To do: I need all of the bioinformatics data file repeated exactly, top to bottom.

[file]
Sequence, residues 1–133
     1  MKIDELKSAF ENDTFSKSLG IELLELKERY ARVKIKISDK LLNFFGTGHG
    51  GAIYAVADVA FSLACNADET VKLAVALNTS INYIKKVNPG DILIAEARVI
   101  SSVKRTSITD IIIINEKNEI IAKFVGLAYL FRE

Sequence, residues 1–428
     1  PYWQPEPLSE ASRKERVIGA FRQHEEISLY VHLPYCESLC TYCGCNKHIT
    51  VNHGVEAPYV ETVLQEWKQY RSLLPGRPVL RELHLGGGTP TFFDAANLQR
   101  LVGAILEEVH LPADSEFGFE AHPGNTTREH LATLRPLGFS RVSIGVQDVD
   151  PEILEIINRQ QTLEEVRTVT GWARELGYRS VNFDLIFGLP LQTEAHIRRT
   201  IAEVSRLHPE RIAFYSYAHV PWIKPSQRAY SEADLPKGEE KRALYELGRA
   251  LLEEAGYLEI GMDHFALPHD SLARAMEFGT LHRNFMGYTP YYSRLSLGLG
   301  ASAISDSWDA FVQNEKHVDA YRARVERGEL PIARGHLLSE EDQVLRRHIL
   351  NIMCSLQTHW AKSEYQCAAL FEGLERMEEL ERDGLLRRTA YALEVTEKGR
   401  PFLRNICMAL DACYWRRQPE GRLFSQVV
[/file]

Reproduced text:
Sequence, residues 1–133
     1  MKIDELKSAF ENDTFSKSLG IELLELKERY ARVKIKISDK LLNFFGTGHG
    51  GAIYAVADVA FSLACNADET VKLAVALNTS INYIKKVNPG DILIAEARVI
   101  SSVKRTSITD IIIINEKNEI IAKFVGLAYL FRE

Sequence, residues 1–428
     1  PYWQPEPLSE ASRKERVIGA FRQHEEISLY VHLPYCESLC TYCGCNKHIT
    51  VNHGVEAPYV ETVLQEWKQY RSLLPGRPVL RELHLGGGTP TFFDAANLQR
   101  LVGAILEEVH LPADSEFGFE AHPGNTTREH LATLRPLGFS RVSIGVQDVD
   151  PEILEIINRQ QTLEEVRTVT GWARELGYRS VNFDLIFGLP LQTEAHIRRT
   201  IAEVSRLHPE RIAFYSYAHV PWIKPSQRAY SEADLPKGEE KRALYELGRA
   251  LLEEAGYLEI GMDHFALPHD SLARAMEFGT LHRNFMGYTP YYSRLSLGLG
   301  ASAISDSWDA FVQNEKHVDA YRARVERGEL PIARGHLLSE EDQVLRRHIL
   351  NIMCSLQTHW AKSEYQCAAL FEGLERMEEL ERDGLLRRTA YALEVTEKGR
   401  PFLRNICMAL DACYWRRQPE GRLFSQVV